If you haven’t been following the comments lately, you might be unaware of an argument that’s been playing out regarding the Broncos’ 1962 helmets. I’ve got some additional fat to throw onto that fire today.
First, the basics: In 1962, the Broncos began the season wearing an orange helmet with a colored bronco logo decal. But the colored bronco was soon changed to white. It’s not clear, at least to me, at what point the color-to-white changeover took place — maybe during preseason, maybe early the in regular season, maybe midway through — but that’s not the big issue. The larger question is whether the colored logo was brown or light blue. Both sides have their partisans, but nobody’s been able to turn up a color photo from ’62, so visual “proof” is limited to the interpretation of old b&w photos.
The “blue logo” camp is headed by Ricko, who has the advantage of having actually seen the Broncos play back in ’62. He says the notion that the horse was originally brown, “may be the most often-repeated error in the uniform, and therefore the most widely believed untruth. I’d really like to strangle the guy who made that first wrong throwback helmet.”
But now the other side is being heard from, primarily in the personage of Tom Jacobsen. He’s the Broncos collector who provided all the material for this post last summer. After seeing this controversy developing in the comments section, he got in touch with Gene Mingo, Frank Tripuka, and Jerry Strum all of whom played for the ’62 Broncos. Then he got back to me with the following:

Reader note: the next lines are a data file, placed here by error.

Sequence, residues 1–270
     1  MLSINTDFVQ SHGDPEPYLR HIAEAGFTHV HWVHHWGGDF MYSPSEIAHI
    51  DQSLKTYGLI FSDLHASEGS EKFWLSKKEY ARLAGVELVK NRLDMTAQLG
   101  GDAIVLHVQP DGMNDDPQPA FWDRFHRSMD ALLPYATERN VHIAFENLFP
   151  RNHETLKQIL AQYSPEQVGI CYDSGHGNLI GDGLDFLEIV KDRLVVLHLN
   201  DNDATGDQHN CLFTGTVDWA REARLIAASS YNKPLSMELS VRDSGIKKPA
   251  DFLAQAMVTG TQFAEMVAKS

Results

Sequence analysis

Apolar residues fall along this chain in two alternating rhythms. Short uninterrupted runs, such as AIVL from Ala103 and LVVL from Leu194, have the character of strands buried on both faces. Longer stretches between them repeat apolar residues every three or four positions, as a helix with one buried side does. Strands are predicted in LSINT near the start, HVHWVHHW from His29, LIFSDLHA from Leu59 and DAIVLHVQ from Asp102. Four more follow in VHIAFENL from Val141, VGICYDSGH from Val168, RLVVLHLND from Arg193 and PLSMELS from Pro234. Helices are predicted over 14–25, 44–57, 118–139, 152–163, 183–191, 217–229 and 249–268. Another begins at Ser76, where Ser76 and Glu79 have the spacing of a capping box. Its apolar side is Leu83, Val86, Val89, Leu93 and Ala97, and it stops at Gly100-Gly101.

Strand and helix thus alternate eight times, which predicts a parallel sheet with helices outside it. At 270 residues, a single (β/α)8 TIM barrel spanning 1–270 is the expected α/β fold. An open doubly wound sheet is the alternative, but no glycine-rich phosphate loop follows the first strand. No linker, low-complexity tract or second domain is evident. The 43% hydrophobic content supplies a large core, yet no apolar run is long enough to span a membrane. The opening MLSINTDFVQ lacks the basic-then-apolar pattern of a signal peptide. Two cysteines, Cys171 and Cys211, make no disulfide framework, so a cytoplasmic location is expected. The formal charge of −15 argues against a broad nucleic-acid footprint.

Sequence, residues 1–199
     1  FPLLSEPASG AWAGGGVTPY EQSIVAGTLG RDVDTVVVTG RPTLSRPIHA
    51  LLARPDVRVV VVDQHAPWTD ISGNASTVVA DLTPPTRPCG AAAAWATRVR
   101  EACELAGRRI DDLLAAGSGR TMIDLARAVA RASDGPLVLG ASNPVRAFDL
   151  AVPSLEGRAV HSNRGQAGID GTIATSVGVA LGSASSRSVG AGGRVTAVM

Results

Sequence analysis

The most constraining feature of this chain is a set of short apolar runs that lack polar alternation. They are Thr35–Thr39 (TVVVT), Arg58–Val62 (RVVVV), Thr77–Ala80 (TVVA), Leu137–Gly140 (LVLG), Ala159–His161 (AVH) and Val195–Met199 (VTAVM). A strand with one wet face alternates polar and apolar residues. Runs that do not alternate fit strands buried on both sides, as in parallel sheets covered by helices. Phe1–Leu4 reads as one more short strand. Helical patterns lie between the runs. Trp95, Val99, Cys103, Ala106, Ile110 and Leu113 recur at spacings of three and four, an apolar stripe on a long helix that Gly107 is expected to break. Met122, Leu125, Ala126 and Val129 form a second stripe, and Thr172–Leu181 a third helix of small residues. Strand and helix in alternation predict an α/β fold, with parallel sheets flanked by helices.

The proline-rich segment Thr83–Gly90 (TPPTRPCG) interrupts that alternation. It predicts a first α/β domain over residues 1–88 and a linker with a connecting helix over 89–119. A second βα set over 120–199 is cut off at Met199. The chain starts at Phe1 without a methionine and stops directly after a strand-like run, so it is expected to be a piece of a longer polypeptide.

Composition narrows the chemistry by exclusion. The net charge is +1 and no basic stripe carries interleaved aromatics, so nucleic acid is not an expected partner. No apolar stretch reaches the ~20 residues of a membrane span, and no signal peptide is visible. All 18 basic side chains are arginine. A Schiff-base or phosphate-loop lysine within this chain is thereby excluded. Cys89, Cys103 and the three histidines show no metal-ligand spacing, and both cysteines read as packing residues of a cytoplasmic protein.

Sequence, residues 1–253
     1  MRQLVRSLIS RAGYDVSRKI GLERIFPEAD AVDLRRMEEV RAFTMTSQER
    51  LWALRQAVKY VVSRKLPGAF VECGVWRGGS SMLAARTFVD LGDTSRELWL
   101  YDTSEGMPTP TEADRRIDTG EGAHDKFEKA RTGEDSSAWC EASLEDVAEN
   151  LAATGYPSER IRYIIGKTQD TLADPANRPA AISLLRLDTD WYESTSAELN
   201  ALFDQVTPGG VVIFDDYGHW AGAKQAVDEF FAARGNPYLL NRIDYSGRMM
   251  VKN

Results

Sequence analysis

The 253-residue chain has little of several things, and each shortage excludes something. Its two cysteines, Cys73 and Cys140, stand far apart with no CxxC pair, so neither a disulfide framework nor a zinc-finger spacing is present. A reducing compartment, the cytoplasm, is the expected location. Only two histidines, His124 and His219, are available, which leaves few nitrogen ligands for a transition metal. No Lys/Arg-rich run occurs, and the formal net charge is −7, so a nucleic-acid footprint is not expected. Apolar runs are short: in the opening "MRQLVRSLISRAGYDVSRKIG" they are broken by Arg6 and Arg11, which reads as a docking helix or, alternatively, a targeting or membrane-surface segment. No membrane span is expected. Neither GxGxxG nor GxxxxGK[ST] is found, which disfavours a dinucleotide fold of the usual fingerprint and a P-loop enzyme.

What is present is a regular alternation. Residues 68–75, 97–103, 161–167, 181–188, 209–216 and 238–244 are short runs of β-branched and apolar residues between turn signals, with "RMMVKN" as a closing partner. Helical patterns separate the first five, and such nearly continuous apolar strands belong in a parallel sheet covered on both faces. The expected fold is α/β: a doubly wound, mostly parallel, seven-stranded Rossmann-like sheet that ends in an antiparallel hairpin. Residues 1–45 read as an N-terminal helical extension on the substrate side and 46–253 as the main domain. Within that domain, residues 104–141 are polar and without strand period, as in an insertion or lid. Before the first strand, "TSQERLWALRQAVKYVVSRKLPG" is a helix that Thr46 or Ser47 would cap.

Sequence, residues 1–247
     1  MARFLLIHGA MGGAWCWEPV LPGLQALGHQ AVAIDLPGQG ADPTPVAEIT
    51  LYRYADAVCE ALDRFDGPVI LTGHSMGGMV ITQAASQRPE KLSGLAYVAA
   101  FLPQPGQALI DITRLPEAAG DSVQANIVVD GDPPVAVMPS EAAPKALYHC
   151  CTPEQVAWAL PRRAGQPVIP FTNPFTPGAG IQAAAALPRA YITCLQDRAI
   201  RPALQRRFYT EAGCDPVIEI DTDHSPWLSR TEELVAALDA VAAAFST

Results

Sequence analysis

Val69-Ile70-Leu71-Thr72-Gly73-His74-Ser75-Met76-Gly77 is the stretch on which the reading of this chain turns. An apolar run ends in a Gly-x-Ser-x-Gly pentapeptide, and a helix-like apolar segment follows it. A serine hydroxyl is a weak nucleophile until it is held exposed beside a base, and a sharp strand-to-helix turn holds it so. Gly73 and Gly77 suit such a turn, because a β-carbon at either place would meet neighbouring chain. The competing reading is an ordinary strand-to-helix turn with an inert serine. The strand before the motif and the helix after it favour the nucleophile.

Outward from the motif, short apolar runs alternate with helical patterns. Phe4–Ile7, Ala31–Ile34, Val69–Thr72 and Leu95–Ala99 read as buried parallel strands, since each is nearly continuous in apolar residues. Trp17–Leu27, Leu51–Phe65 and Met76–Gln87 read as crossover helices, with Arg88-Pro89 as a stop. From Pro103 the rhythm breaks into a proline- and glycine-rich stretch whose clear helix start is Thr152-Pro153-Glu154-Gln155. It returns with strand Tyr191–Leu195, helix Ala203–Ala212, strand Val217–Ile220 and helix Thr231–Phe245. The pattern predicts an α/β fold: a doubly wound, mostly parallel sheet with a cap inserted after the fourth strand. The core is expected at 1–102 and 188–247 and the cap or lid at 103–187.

They all said the logo was brown. The thought was, the team was making such a drastic uniform switch [from brown/gold to orange/blue] that the brown horse logo would bridge the gap between the old and the new in terms of fan recognition. Lame thought, to me, but that was the logic. Could all these guys be wrong or have foggy memories? Sure, but until somebody has a color photo, I’m taking the players’ word over anyone else’s.
Tom also checked with Patrick Scoggins, who’s the guy behind this Broncos uni history page. Patrick cc’d me on his reply to Tom, as follows:
I have also seen/read this [about the horse having been blue, not brown] — it’s not a new theory. Not a single source proclaiming this, however, has ever been able to substantiate their claim with any iron-clad evidence. That said, it should be noted that there doesn’t seem to be anyone in the “brown logo” camp that could provide supporting evidence either. From my standpoint, I do not have any color photos from early in the ’62 season that could definitively put this to rest, one way or the other.
But here’s a bit of background: Several years ago, both myself and another helmet historian (can’t remember his name right off the top of my head) worked with a marketing guy from Riddell (Ken Draznick) who was trying to pin down all of the different AFL/NFL helmet variations because they were, at the time, planning to do a fairly large release of mini/micro helmet variations. In all of our communications re: the “early ’62″ helmet, we were much more focused on when the change to the white logo occurred; amongst the three of us, the understanding that the original logo was brown was sort of assumed or taken for granted. Maybe Ken had some previous supporting evidence or maybe he just took our word for it.